DVD-RW or Digital Versatile Disc ReWritable is an optical storage disc of the DVD format that shares the same sizes as the DVD-R, however a DVD-RW can be written, re-written, and erased safely up to 1,000 times. They are likely to remain readable by the user for up to 30 years; however, manufacturers and changing technology can affect this lifespan.
DVD-RW was first introduced in Japan’s technology market in 1999, but due to compatibility issues, did not function properly with most DVD devices until a year later. This optical storage disc is ideal when it comes to frequent data backups.
The technology behind the DVD-RW is similar to the CD-RW. This media can be single or double sided, as well as single or double layered. An alloyed recording layer alters between crystalline and nebulous states to enable re-writing and erasing. The recording side may have multiple layers starting with a pre-grooved polycarbonate layer.
Microscopic pits and lands (lands are the flat areas between the pits) rest between the spiraled tracks and grooves in a location known as land pre-pits (LPP). An electric insulation layer is covered on the disc next to draw excess heat away from the recording layer.
Another alloyed recording layer is placed on followed by another dielectric layer. A subsequent metallic layer helps reflect the laser beam to read the disc’s data. A “dummy” disc of polycarbonate substrate and a metallic topcoat is bonded with the rest of the disc in order to protect the recording layers from damage.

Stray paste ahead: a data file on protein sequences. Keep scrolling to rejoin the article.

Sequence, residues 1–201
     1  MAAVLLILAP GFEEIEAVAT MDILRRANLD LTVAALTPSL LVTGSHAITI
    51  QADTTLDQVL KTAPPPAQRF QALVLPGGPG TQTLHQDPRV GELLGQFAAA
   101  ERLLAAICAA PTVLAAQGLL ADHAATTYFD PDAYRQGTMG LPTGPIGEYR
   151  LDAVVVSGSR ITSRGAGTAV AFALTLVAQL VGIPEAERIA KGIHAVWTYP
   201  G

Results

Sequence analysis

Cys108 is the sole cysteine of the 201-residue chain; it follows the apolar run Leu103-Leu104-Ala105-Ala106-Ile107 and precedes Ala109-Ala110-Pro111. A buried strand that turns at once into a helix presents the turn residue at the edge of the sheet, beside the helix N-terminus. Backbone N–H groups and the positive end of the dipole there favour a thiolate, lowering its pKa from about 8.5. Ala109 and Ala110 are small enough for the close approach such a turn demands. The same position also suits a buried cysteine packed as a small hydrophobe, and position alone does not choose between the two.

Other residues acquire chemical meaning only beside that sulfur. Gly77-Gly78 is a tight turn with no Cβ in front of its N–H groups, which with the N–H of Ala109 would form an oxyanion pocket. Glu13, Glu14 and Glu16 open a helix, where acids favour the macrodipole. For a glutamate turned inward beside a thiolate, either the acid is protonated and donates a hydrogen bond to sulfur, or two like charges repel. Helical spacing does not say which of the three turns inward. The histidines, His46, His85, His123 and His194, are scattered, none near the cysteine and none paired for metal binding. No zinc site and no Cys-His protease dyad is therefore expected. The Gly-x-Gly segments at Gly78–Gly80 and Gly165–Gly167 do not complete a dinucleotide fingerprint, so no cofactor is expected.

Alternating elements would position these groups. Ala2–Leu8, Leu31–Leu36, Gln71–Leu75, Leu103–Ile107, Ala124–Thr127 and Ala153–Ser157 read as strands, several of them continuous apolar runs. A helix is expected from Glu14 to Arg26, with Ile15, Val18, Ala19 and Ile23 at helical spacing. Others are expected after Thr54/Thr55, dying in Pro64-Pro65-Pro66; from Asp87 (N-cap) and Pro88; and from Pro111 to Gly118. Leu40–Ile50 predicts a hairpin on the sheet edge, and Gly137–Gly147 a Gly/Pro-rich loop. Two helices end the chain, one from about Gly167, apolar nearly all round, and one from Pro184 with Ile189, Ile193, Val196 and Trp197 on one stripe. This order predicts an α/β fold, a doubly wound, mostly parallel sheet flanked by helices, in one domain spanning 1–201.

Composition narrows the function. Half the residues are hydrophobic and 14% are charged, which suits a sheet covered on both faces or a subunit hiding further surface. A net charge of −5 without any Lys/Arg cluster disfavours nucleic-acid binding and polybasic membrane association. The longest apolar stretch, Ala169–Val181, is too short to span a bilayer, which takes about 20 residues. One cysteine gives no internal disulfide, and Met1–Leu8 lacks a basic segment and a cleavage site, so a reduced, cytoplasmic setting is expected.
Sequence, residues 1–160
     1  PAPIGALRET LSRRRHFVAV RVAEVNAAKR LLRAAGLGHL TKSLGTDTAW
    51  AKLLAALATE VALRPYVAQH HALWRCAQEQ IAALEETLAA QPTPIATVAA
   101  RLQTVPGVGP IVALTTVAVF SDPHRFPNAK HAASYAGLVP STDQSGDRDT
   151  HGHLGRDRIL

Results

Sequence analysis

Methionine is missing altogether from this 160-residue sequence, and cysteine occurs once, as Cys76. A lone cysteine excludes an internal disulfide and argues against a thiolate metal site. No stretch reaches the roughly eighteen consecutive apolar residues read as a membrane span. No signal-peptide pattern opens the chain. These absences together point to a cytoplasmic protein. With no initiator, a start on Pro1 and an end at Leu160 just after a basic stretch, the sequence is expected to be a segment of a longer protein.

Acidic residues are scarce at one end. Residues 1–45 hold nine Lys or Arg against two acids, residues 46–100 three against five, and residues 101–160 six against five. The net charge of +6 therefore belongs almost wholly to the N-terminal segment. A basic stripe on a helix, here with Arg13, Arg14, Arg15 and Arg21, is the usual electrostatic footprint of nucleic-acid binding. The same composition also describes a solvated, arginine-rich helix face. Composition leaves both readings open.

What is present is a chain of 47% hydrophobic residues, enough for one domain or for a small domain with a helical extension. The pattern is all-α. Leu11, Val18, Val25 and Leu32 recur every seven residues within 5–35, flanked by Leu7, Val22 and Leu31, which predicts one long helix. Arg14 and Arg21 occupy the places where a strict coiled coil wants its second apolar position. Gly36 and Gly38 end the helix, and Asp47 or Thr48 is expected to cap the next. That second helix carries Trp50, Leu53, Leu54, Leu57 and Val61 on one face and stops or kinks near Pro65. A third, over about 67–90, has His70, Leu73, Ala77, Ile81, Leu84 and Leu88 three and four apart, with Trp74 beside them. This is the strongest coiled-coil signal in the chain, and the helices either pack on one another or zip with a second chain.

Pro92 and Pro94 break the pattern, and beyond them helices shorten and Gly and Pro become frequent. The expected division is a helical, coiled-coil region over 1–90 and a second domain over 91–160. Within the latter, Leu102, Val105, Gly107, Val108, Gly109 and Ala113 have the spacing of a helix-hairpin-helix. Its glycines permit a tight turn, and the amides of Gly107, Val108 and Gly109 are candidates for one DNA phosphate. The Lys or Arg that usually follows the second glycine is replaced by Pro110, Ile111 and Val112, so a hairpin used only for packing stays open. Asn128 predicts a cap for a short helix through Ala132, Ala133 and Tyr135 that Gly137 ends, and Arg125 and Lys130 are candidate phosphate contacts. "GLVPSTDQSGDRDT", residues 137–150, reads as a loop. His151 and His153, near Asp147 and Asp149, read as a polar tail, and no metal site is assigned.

By and large, DVD-RW discs are compatible with DVD-R general writers, DVD-RW writers, and some dual RW recorders. DVD-RW media can be read by most DVD-ROM drives, DVD-R recorders and consumer DVD electronics. However, due to the lowered reflective nature of the DVD-RW discs, random incompatibilities can arise with certain manufacturers.
DVD-RWs have built-in provisions to adhere to strict copyright laws. These measures (CSS and CPPM) aim to deter illegal copying and protect commercial movies or music from direct digital distribution. The systems encrypt sectors of the disc that cannot be unlocked unless in playback mode.